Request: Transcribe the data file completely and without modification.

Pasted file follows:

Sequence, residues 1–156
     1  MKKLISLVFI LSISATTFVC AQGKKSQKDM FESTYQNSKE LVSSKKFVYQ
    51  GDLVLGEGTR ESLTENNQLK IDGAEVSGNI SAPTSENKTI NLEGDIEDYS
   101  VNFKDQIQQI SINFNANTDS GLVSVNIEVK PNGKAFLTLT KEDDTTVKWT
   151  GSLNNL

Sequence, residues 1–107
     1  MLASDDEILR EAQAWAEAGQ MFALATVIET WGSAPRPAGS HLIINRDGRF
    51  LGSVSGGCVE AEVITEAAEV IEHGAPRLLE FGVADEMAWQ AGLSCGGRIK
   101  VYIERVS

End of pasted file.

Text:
Sequence, residues 1–156
     1  MKKLISLVFI LSISATTFVC AQGKKSQKDM FESTYQNSKE LVSSKKFVYQ
    51  GDLVLGEGTR ESLTENNQLK IDGAEVSGNI SAPTSENKTI NLEGDIEDYS
   101  VNFKDQIQQI SINFNANTDS GLVSVNIEVK PNGKAFLTLT KEDDTTVKWT
   151  GSLNNL

Sequence, residues 1–107
     1  MLASDDEILR EAQAWAEAGQ MFALATVIET WGSAPRPAGS HLIINRDGRF
    51  LGSVSGGCVE AEVITEAAEV IEHGAPRLLE FGVADEMAWQ AGLSCGGRIK
   101  VYIERVS